legal system as important factors in Linux's future; ``the only thing
that will matter is the market.'' In fact, he claimed that it's an
advantage since there are lots of companies who find it hard to compete
when Microsoft sees what they're doing and simply incorporates similar
technology directly into the OS. In the Linux arena they can find a
niche and compete (echoing Larry's comments above), as Corel has, for
example. ``That's one reason why, in the end, a monopoly just doesn't
work. [pause] Maybe that's just me...''
What do we need to do to get apps (such as from Adobe and Quark, which are
the only non-Linux apps used by Linux Journal) ported to Linux?
- Robert Hart said that there are just two things: let them know
you want Linux ports, and show them that there's profit to be made.
- Larry Augustin related an article seen on
Slashdot earlier in the day about Informix's unannounced Linux port
and said the key is to tell vendors, ``If you port it to Linux, we will
buy it.'' [Three days later, Slashdot and
InfoWorld Electric report a sudden reversal of plans at Oracle:
they will be porting Oracle 8 to Linux after all. In fact, they
say that they've had it running internally for a while already. See also
InfoWorld Electric's article on Informix's official Linux announcement, expected next week.]
With regard to the Linux Standard Base (a standard for base-level
compatibility across Linux distributions), Red Hat and Debian's standard
package formats, Red Hat's early adoption of glibc vs. everyone else, etc.:
are we doing this right? Are there too many Linux ``standards''?
- Robert Hart had three points in response. First, there's a lot
of discussion between the various distribution makers, precisely for the
purpose of avoiding fragmentation. Second, there's a danger of
stultifying and crushing the rapid pace of development and the incredible
customization choices available to users if there's too much rigidity
and standardization. Third, to the other distributions: ``Please get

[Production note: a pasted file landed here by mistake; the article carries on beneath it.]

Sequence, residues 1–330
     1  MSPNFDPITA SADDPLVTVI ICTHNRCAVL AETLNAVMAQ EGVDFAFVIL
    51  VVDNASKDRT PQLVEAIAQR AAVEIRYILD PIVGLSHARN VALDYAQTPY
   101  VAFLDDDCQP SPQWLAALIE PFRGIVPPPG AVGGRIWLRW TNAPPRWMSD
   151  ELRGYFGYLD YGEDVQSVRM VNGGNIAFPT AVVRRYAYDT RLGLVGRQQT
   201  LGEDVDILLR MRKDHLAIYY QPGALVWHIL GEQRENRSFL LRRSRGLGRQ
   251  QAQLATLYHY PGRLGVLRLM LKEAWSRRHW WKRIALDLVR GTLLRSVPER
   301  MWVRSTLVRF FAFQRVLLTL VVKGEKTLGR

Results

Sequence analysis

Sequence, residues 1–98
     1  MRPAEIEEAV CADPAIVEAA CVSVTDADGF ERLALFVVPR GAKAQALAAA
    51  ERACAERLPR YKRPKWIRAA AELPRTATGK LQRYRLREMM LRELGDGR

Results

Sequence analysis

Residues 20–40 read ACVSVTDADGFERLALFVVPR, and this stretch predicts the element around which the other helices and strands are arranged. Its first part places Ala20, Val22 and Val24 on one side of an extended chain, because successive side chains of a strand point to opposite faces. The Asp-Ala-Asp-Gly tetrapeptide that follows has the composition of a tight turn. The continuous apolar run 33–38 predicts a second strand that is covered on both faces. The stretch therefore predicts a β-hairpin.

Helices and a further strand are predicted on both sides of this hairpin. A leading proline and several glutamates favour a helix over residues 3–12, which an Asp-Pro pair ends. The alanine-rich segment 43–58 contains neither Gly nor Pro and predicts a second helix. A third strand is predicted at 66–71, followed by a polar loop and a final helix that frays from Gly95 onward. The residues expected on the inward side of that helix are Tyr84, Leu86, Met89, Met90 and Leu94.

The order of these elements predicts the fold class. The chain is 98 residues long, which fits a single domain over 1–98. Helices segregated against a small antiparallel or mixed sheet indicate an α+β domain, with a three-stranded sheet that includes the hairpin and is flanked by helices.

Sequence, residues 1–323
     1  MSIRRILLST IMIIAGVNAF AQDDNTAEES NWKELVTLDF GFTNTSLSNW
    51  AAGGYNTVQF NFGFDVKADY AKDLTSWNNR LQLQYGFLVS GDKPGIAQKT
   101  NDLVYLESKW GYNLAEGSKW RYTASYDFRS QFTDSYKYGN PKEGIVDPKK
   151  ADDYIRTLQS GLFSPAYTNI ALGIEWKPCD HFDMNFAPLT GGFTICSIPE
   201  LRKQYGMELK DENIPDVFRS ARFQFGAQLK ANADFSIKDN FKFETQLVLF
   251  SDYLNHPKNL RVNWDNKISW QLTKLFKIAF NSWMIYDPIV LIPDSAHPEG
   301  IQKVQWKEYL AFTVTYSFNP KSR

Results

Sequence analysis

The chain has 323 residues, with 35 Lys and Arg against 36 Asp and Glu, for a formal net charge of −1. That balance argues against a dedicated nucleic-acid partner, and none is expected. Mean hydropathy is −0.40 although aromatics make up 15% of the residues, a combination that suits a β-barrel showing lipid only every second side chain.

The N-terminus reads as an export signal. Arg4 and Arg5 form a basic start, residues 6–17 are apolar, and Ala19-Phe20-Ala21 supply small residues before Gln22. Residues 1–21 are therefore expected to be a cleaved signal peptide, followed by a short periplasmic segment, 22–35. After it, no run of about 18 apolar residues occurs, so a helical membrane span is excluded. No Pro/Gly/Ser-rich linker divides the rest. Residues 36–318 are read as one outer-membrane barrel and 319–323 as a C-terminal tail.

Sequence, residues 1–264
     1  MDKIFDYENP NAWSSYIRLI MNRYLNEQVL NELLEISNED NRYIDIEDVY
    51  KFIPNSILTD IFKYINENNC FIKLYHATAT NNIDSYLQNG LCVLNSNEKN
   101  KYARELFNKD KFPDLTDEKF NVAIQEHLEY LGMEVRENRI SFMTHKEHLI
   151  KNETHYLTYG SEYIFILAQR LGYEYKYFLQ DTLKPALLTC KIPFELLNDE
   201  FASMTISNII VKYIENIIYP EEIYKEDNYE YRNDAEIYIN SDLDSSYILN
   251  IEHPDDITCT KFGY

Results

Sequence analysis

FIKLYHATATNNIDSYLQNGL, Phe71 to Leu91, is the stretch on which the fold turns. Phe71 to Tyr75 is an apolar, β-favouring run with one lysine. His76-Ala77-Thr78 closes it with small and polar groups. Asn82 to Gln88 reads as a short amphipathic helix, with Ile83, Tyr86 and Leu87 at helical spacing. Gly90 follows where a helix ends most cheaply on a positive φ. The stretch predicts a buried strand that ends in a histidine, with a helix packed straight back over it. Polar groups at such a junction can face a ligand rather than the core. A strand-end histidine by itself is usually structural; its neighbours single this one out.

with it--glibc is the only actively maintained C library.''
- Larry Augustin countered that he's seen a lot of users who, when
they upgraded to Red Hat 5.x, found that ``everything broke.''
[Thanks to Jason Riedy for the reminder that just installing the older
libc 5.4.x somewhere in the library path isn't sufficient; most shared
libraries used by older apps need to be duplicated, as was the case in
the changeover from a.out to ELF binaries a couple of years
ago.] ``You're in the big time now. Some things (like
Informix) users can't simply recompile--try to make things easier for
people and remain compatible.''
What if Microsoft plays the Linux game? For example, Open Windows 99 or
Internet Explorer for Linux?
- Linus Torvalds first noted that he's working at a company
[Transmeta] whose product won't be available on the Internet. He
went on to say that he has a lot of respect for Microsoft's PR machine,
and ``let's hope they do.''
- Jeremy Allison apparently interpreted ``Open Windows 99'' as a
hypothetical Microsoft release based on Linux and said that he would
welcome MS Linux--the GNU General Public License (GPL) limits abuse.
``If they change it, we'd get the source code,'' to which Linus muttered,
``We could fix it, too.'' [much applause and laughter]
NASA, NIST, the US Postal Service, (IRS?)--is the US Government the first
step toward world domination?
- Linus Torvalds: ``I hadn't really thought of that, but
now that you've planted the idea...'' [more chuckles]
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Copyright © 1998 Greg Roelofs.